UNC Hospitals' Hurricane Katrina Response Blog


As part of the response to Hurricane Katrina, a team of UNC Hospitals' physicians and staff left Friday, Sept. 2 to travel to the Gulf Coast as part of the MidCarolina Trauma RAC's State Medical Assistance Team II. The team from UNC Hospitals is comprised of: Christine Clark, RN; Randy Kearns; Preston "Chip" Rich, MD; Michele Rudisill, RN; Ed Wilson, RN; Ben Zarzaur, MD; and Janet Young, MD. A second team from UNC Hospitals left Sept. 9 to relieve the first group of volunteers. The second team to help staff the K-Mart Klinic in Waveland, Miss., is comprised of: Alberto Bonifacio, RN; Joe Manese, Radiology Tech; Peter Milano, 5th year surgical resident; Andrew Millager, Pharmacist; Jim Rawlings, Pastoral Care; Tina Schade-Willis, MD; Renae Stafford, Trauma Attending Surgeon; Jim Starlin, Air Care Communications; and Wes Wallace, MD., attending, emergency medicine.

Thursday, October 06, 2005

All good things.....

In the movie "The Replacements", Gene Hackman, as Coach Jimmy McGinnty, said, "greatness, no matter how brief, has a way of staying with a (person)... it changes them".

Since our arrival here, there has been talk of the impending task of demobilization. Our job, a simple one really, is now near completion. We were suppose to provide the medical support needed to help Waveland recover. We were, if one would allow, the bandaid needed to protect and assist the wound that has been inflicted upon this body, Waveland, a chance to heal. Much like any good bandaid, it is coming time to peel us off and allow the body to finish the task of healing.

For those of us, and this must include all those individuals who have been feverishly working behind the scenes, we will be forever grateful for having been part of this experience. We came together as individuals and formed a community with a common purpose. This moment will change us.

A team member and I noted today that unlike our earlier deployments (this is a second deployment for us) this one is different. There is not the loss of the sense of purpose. None have waned in their dedication to provide their best. The level of compassion and humanity has not diminished in any way. However, we both noticed that as we near completion of our mission, we now have the time to stop and take stock of what we have and done.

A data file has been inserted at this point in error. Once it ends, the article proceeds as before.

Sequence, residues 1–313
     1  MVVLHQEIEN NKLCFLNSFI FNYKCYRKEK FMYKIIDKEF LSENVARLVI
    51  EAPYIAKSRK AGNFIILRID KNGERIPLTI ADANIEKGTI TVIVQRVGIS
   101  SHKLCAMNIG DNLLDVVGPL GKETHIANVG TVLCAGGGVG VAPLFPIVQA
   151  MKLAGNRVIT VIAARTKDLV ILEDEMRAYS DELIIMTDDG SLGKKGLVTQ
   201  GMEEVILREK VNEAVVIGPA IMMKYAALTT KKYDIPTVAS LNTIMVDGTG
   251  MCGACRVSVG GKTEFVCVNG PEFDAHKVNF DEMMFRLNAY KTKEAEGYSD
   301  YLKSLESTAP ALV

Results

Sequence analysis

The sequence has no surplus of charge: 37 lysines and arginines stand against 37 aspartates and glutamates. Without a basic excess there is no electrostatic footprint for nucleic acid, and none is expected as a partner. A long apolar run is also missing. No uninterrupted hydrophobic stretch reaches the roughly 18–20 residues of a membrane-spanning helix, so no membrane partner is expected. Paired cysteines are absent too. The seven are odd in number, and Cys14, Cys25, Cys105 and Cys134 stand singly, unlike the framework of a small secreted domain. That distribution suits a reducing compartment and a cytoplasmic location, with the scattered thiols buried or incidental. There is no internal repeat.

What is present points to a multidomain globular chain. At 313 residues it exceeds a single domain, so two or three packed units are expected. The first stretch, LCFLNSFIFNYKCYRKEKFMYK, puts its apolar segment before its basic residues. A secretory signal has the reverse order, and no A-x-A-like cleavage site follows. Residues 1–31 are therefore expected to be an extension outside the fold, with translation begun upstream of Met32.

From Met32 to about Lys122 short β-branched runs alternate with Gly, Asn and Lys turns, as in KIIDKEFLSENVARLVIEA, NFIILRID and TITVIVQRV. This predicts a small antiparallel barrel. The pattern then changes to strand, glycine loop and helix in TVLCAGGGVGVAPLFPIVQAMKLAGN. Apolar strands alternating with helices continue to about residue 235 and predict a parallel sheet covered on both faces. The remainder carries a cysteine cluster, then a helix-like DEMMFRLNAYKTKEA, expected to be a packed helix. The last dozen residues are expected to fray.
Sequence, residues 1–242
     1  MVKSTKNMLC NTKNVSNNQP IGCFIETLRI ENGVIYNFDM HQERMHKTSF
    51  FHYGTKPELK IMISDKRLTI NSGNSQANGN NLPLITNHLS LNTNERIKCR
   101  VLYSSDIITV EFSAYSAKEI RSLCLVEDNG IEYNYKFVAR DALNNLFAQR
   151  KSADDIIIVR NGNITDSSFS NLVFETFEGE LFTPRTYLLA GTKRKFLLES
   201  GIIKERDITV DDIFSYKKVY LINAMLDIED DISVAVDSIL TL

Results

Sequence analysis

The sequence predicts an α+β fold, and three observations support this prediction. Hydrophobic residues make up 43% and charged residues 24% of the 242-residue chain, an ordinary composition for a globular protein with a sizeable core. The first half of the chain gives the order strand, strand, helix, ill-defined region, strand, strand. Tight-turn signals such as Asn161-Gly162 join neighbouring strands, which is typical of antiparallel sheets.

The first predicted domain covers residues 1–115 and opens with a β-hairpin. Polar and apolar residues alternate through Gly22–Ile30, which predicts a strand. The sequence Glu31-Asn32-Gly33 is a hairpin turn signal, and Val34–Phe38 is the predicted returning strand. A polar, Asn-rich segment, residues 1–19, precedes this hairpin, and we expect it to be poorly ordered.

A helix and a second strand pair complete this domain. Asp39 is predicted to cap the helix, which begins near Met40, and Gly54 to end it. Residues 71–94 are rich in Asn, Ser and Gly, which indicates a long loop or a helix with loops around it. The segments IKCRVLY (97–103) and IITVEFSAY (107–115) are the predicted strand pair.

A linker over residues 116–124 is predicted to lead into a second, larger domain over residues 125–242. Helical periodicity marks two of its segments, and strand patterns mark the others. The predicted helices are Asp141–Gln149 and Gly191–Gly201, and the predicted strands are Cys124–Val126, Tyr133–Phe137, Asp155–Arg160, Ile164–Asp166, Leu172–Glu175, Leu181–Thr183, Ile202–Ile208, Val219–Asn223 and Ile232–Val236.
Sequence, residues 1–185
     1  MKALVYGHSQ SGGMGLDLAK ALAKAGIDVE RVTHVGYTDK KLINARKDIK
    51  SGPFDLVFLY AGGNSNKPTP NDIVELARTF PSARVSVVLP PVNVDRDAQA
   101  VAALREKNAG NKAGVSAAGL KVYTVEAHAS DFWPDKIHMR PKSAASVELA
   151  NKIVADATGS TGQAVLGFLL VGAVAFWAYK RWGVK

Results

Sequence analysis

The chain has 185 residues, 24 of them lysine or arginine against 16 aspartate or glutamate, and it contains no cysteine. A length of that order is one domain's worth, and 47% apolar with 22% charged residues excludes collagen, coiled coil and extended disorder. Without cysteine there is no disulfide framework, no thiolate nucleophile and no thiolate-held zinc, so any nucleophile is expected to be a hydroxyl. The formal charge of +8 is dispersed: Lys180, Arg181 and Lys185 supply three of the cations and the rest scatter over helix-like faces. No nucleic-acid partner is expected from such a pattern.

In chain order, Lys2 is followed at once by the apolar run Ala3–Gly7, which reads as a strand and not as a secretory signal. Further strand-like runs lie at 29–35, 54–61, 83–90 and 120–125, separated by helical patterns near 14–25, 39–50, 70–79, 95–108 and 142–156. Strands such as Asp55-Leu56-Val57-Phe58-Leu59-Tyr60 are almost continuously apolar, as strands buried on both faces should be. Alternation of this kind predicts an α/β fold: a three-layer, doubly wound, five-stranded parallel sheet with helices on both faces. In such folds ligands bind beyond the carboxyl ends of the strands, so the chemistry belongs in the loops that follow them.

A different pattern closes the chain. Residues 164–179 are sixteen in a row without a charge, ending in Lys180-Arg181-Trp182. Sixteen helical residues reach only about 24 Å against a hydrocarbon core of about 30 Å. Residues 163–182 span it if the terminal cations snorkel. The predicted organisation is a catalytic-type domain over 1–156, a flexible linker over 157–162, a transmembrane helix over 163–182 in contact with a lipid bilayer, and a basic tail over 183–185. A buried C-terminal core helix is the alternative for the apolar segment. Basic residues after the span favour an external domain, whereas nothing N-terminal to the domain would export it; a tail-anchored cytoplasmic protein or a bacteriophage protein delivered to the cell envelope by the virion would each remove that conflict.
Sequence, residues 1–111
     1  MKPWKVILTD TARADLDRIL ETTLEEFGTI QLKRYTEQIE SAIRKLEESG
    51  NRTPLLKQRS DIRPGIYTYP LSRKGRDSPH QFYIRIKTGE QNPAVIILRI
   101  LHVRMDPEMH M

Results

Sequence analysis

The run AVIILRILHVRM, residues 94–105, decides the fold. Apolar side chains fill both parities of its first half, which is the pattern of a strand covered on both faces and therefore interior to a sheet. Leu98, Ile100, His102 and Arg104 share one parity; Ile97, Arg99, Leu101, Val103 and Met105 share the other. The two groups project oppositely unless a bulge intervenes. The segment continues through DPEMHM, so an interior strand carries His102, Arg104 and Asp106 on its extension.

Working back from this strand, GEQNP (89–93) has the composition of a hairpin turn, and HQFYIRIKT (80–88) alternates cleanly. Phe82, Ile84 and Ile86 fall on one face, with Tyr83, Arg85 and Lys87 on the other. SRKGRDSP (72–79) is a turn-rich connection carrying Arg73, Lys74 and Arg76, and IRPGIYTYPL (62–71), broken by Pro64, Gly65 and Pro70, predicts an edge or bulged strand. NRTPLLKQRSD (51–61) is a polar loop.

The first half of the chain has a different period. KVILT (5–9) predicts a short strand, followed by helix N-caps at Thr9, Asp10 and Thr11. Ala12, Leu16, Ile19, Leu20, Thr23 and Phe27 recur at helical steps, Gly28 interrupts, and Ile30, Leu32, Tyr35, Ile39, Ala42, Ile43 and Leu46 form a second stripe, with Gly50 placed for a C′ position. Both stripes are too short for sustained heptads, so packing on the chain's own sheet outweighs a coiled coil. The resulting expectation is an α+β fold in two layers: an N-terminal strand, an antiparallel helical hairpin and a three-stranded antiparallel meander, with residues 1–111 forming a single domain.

There are shower trucks here, and therefore everyone is able to take hot showers regularly. The barricade of cars has been replaced by a chainlink fence, with an actual gate. There is greater certainty regarding supplies, meals, and other things that we had to struggle through during the earlier deployments. A routine taken hold, and normalcy is fast approaching.

Next week, when we begin our depature, this will mark the start of our demobilization phase. When we are all home, if we come together as a group once more, we stand a better chance of learning from this experience. If we, as we had done here, work with each other, will be better able to assess what will need improvement, changing, and amendments.

A scar will be left on this town and its people as a reminder of this assault. We, however, will have acted as witnessess to the true greatness of this moment. The greatness comes in the way professionals motivated by "altruism" put aside their own concerns, no matter how briefly, to practice their craft in it best possible tradition. The true greatness is how a town has fought to move pass an event that nearly annihilated it. The true greatness is having a family, a person, fight back to recover was what once their life.

For those of us who have been witness to this, we will try to share this experience with our famlies, friends, co-workers, and others who may ask us. For those of us who have been here, we can become changed by re-focusing our priorities. It can remind us of why we, a Renae aptly said, entered the profession of healthcare - atruism. It should remind us to appreciate the precious moments and people that we may have been ignoring for so long now.

Camp K-mart, Katrina, or Mississippi will soon pass into the collective memories of all those who have been here and been touched by its presence. We were part of a good thing. None of us, when we first agreed to come here thought that this was going to be something that could be considered a moment of greatness. Most of us came for the adventure, the experience, the chance to do our job. We are all the better for having been here, not for what we have done, but for all that we have witnessed.